Citizens for Accountable Government, the group calling for a switch to a strong mayor form of government in Colorado Springs, may find that an obscure 1992 city ordinance could derail its efforts.
The measure restricts any initiative to a single subject.
Created in response to multi-subject initiatives such as the Douglas Bruce-authored 1991 “mini-TABOR” amendment, the ordinance specifically prohibits “the practice of ‘log rolling,’ whereby diverse and unrelated matters are passed as one matter because no single matter could be passed on its own merits.”
The idea, at least in part, was to prevent “surprise and deception” at the ballot.
“I’m no expert,” said city council member Sean Paige, “but it seems to me that the single-subject rule might pose a substantial impediment to the strong-mayor initiative. It’s a significant change with a lot of moving parts.”
Bill Guman, who served on the council from 1993 to 2001, said he doubts whether the strong mayor proposal will pass the single-subject test.
“It’ll be a struggle,” he said, “based on my understanding of the proposal.”
At a town forum last week, proponents of the initiative said they had attempted to craft the initiative so that it would conform to the requirements of the ordinance.
“We didn’t include any additional compensation for council members,” said spokesman Kevin Walker, “because that would be a different subject.”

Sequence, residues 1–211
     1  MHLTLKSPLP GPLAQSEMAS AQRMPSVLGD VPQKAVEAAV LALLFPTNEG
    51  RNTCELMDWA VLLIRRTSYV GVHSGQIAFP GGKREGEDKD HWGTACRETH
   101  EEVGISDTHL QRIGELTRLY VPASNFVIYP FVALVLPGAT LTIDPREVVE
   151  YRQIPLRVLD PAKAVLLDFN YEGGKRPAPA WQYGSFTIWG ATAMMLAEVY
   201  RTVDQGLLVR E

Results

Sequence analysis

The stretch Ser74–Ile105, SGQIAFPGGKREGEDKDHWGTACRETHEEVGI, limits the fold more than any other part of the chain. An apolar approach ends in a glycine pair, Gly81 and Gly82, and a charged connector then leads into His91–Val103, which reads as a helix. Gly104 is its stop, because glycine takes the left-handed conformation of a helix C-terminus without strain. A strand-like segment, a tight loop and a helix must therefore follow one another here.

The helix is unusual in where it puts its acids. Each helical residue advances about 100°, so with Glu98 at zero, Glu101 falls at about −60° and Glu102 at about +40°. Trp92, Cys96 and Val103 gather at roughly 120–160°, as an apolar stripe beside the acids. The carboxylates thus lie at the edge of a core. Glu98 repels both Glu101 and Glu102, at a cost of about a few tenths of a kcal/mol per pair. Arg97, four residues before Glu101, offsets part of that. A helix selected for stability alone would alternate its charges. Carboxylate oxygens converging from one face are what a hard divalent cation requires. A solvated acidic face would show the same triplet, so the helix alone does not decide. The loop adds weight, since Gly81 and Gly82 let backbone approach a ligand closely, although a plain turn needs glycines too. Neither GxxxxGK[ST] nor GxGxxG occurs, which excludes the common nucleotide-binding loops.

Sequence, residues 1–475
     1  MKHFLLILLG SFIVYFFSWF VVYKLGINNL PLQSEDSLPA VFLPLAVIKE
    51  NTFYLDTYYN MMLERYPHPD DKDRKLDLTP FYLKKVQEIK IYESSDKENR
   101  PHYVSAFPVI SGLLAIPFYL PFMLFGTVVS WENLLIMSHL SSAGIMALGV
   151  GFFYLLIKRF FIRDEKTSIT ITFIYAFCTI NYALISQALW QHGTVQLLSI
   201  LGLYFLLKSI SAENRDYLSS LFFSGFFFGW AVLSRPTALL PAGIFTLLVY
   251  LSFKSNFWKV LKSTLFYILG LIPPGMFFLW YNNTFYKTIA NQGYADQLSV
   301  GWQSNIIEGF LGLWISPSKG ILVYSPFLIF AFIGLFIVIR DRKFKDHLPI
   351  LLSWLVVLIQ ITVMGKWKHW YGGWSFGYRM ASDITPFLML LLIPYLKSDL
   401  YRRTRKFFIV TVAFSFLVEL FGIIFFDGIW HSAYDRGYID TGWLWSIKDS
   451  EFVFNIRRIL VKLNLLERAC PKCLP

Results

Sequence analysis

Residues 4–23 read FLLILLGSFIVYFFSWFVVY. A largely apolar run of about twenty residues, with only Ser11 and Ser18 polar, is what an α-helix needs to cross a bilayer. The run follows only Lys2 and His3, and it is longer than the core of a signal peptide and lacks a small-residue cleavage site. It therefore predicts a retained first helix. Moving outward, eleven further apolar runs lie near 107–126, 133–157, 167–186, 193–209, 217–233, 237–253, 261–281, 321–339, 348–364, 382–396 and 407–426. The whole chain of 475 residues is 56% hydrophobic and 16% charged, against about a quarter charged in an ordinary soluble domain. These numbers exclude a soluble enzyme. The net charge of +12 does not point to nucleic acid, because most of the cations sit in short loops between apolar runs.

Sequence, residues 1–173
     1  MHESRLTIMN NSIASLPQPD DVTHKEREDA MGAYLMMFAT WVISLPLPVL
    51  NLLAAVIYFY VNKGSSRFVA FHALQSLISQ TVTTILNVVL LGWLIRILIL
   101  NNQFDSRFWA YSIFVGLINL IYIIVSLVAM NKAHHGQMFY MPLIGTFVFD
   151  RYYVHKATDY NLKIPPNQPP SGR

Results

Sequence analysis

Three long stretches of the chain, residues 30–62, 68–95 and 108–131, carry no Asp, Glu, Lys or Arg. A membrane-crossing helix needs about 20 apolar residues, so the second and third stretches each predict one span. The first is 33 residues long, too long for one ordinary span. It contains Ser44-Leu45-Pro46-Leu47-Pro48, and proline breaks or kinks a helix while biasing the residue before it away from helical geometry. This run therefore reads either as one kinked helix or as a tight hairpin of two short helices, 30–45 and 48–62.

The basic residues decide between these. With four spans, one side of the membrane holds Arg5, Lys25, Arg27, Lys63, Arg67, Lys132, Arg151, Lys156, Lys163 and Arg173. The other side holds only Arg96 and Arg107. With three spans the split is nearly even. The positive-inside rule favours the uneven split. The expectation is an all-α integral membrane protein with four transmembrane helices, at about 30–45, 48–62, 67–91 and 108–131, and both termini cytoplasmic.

Under the group’s proposal, the mayor would get a raise from $6,250 to approximately $97,000, while council members would continue to receive $6,250.
The proposed changes to the charter are nevertheless so extensive that League of Women Voters President Jan Merritt suggested that what the citizens group was proposing was not a charter amendment, but an entirely new charter.
The initiative calls for more than 20 substantive changes in the existing city charter, all of which are said by the group to be subsumed under a single subject.
Under the proposed changes:
An elected mayor becomes the chief executive of the city, replacing the city manager.
The mayor would no longer be a member of the City Council; an at-large councilmember would be elected to replace the mayor so that the council remains at nine members.
The council would become the legislative branch of the city and would elect a president of the council.
Asked whether the amendment conforms to the single-subject ordinance in its current form, Walker said, “Our attorneys are researching that.”
Current Mayor Lionel Rivera said the council could, by a majority vote, either suspend or repeal the ordinance. That would permit any individual or group to file multi-subject initiatives. But, he said, that wouldn’t be necessary, regardless of the initiative’s length and complexity.
“If we say it’s a single subject, then it is,” said Rivera.
Paige wasn’t so sure.
“I don’t know enough about the intricacies of the process,” he said, “but I’d think that (a council decision) could be appealed.”
Rivera, meanwhile, raised a number of objections to the amendment as presently written. He suggested, for instance, that the city start paying city council members the federal minimum wage, based on a 40-hour week.
“That’d be $15,000 a year,” he said, “and the voters might agree to pay council minimum wage.”
Rivera has supported moving to strong mayor system in the past, but he’s not yet on board with the current effort. “I can’t support this amendment as it’s written,” he said.
Rivera has submitted his own version of a strong-mayor proposal under which a council president would be paid about $25,000 annually. Council members would be paid about $20,000 a year.